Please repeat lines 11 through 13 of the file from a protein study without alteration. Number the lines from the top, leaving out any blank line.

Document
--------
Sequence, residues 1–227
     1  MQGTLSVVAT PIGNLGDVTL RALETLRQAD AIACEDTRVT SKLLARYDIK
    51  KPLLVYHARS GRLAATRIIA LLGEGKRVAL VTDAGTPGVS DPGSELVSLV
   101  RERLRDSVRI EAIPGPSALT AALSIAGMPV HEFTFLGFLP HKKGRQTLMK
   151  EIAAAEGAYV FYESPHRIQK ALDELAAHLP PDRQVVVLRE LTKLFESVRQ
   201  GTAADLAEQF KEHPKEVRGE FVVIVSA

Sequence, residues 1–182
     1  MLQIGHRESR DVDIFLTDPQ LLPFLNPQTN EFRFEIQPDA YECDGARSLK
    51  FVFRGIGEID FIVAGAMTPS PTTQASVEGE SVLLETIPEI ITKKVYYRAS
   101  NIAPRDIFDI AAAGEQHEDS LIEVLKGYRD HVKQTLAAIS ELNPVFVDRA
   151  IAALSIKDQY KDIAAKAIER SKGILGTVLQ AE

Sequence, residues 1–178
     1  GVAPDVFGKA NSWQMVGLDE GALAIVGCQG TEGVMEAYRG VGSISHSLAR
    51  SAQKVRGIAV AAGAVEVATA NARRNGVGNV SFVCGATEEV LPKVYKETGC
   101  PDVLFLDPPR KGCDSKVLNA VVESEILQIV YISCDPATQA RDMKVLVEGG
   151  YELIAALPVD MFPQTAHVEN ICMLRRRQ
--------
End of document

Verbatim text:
   151  IAALSIKDQY KDIAAKAIER SKGILGTVLQ AE

Sequence, residues 1–178
     1  GVAPDVFGKA NSWQMVGLDE GALAIVGCQG TEGVMEAYRG VGSISHSLAR